Anti-intellectualism in American Life(Redirected from Anti-Intellectualism in American Life)
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Anti-intellectualism in American Life is a book by Richard Hofstadter published in 1963 that won the 1964 Pulitzer Prize for General Non-Fiction. In this book, Hofstadter set out to trace the social movements that altered the role of intellect in American society. In so doing, he explored questions regarding the purpose of education and whether the democratization of education altered that purpose and reshaped its form. In considering the historic tension between access to education and excellence in education, Hofstadter argued that both anti-intellectualism and utilitarianism were consequences, in part, of the democratization of knowledge. Moreover, he saw these themes as historically embedded in America's national fabric, an outcome of its colonial European and evangelical Protestant heritage. He contended that American Protestantism's anti-intellectual tradition valued the spirit over intellectual rigour. Furthermore, he also went on to note that Catholicism could have been expected to add a distinctive leaven to the intellectual dialogue, but American Catholicism lacked intellectual culture, due to its failure in developing an intellectual tradition or produce its own strong class of intellectuals.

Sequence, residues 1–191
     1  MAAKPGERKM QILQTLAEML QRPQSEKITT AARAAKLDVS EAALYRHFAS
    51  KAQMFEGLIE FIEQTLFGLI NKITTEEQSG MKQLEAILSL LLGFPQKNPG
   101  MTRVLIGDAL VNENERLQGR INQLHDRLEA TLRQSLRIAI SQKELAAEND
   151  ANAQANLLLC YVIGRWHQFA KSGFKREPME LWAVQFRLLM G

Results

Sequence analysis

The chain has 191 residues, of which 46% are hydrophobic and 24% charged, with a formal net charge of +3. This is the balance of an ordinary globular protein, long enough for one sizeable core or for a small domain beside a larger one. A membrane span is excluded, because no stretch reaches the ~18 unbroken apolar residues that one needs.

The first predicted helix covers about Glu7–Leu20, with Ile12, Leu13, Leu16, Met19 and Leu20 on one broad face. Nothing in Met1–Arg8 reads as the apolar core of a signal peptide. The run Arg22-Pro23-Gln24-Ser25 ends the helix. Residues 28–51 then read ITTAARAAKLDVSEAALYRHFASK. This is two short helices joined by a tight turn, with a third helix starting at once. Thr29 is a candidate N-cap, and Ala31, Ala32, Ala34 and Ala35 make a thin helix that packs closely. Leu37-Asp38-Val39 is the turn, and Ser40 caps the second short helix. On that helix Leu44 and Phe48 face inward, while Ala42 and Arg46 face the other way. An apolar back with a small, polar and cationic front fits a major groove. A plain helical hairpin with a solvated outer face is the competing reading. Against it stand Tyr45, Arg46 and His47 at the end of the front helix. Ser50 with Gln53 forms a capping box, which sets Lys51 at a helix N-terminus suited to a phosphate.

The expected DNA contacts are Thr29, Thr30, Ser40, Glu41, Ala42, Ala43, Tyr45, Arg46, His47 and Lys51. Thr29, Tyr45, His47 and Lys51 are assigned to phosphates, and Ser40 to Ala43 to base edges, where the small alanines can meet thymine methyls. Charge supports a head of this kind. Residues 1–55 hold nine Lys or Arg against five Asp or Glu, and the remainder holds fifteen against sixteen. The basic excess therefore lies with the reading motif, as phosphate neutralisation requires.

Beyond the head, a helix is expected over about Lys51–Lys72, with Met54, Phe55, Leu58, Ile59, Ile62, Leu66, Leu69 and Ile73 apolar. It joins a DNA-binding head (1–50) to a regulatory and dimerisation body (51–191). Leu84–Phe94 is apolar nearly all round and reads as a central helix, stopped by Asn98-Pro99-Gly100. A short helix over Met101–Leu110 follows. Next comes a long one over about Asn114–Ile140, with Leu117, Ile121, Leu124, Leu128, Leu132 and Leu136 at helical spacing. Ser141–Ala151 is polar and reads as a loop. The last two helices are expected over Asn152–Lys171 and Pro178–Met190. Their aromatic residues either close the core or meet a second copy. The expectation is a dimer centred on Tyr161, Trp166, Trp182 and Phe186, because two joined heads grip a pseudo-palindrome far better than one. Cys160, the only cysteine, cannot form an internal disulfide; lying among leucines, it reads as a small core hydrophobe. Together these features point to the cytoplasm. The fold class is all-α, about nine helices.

|Awards||Pulitzer Prize for General Non-Fiction (1964)|
- De Simone, Deborah M. "The Consequences of Democratizing Knowledge: Reconsidering Richard Hofstadter and the History of Education." The History Teacher. Vol. 34, No. 3 (May 2001).
- Lemann, Nicholas. "The Tea Party is timeless." Columbia Journalism Review Online edition: September 2, 2014. — This story was published in the September/October 2014 issue of CJR with the headline, "The American way."